The ubiquitin-binding adaptor proteins p62/SQSTM1 and NDP52 are recruited independently to bacteria-associated microdomains to target Salmonella to the autophagy pathway

Cell Biology Program, Hospital for Sick Children, University of Toronto, Toronto, ON, Canada.
Autophagy (Impact Factor: 11.75). 03/2011; 7(3):341-5. DOI: 10.4161/auto.7.3.14046
Source: PubMed


Autophagy is an innate immune defense against bacterial invasion. Recent studies show that two adaptor proteins, p62 and NDP52, are required for autophagy of the bacterial pathogen Salmonella enterica serovar Typhimurium (S. typhimurium). However, it is not known why two different adaptors are required to target the same bacterial cargo to autophagy. Here we show that both adaptors are recruited to bacteria with similar kinetics, that they are recruited to bacteria independently of each other, and that depletion of either adaptor leads to impairment of antibacterial autophagy. Depletion of both adaptors does not synergistically impair autophagy, indicating they act in the same pathway. Remarkably, we observed that these adaptors do not colocalize, but rather form non-overlapping microdomains surrounding bacteria. We conclude that p62 and NDP52 act cooperatively to drive efficient antibacterial autophagy by targeting the protein complexes they coordinate to distinct micro-domains associated with bacteria.

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Available from: John Brumell, Mar 07, 2014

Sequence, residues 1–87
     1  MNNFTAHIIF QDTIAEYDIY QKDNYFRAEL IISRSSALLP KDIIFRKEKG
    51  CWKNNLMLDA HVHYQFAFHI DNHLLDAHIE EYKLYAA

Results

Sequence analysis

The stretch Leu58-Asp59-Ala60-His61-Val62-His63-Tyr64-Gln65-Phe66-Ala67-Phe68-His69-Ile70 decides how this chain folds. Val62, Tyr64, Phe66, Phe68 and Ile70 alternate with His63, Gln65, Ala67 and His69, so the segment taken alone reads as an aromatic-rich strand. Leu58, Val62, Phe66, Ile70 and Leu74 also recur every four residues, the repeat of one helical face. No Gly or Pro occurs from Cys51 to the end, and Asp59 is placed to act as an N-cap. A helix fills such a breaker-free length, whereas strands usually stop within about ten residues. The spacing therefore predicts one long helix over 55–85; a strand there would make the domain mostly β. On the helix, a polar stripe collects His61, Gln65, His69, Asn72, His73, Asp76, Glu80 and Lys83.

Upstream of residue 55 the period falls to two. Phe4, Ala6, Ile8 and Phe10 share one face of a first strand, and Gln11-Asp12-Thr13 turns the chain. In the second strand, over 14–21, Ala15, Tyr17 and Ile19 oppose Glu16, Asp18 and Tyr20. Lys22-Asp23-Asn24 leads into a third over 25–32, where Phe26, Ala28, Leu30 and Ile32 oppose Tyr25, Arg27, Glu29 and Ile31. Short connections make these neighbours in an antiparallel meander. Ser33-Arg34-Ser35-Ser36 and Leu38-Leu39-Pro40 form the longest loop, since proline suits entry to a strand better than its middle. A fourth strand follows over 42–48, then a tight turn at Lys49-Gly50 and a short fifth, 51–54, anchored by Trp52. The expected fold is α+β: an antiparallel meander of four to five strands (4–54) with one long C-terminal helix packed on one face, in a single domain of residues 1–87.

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    • "At 1 h p.i., ∼20% of the internalized bacteria were detected by LPS antibodies, indicating they were free in the cytosol or had a compromised vacuolar membrane. This is in good agreement with previous reports where the proportion of cytosolic Salmonella at 1 h p.i. was estimated by the recruitment of autophagy proteins such as LC3, NDP52 and p62 [13], [34]. In cells where at least one bacterium was cytosolic (LPS-positive), we scored the total number of bacteria that had entered that cell. "
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    ABSTRACT: Within mammalian cells, Salmonella enterica serovar Typhimurium (S. Typhimurium) inhabits a membrane-bound vacuole known as the Salmonella-containing vacuole (SCV). We have recently shown that wild type S. Typhimurium also colonizes the cytosol of epithelial cells. Here we sought to quantify the contribution of cytosolic Salmonella to the total population over a time course of infection in different epithelial cell lines and under conditions of altered vacuolar escape. We found that the lysosomotropic agent, chloroquine, acts on vacuolar, but not cytosolic, Salmonella. After chloroquine treatment, vacuolar bacteria are not transcriptionally active or replicative and appear degraded. Using a chloroquine resistance assay, in addition to digitonin permeabilization, we found that S. Typhimurium lyses its nascent vacuole in numerous epithelial cell lines, albeit with different frequencies, and hyper-replication in the cytosol is also widespread. At later times post-infection, cytosolic bacteria account for half of the total population in some epithelial cell lines, namely HeLa and Caco-2 C2Bbe1. Both techniques accurately measured increased vacuole lysis in epithelial cells upon treatment with wortmannin. By chloroquine resistance assay, we also determined that Salmonella pathogenicity island-1 (SPI-1), but not SPI-2, the virulence plasmid nor the flagellar apparatus, was required for vacuolar escape and cytosolic replication in epithelial cells. Together, digitonin permeabilization and the chloroquine resistance assay will be useful, complementary tools for deciphering the mechanisms of SCV lysis and Salmonella replication in the epithelial cell cytosol.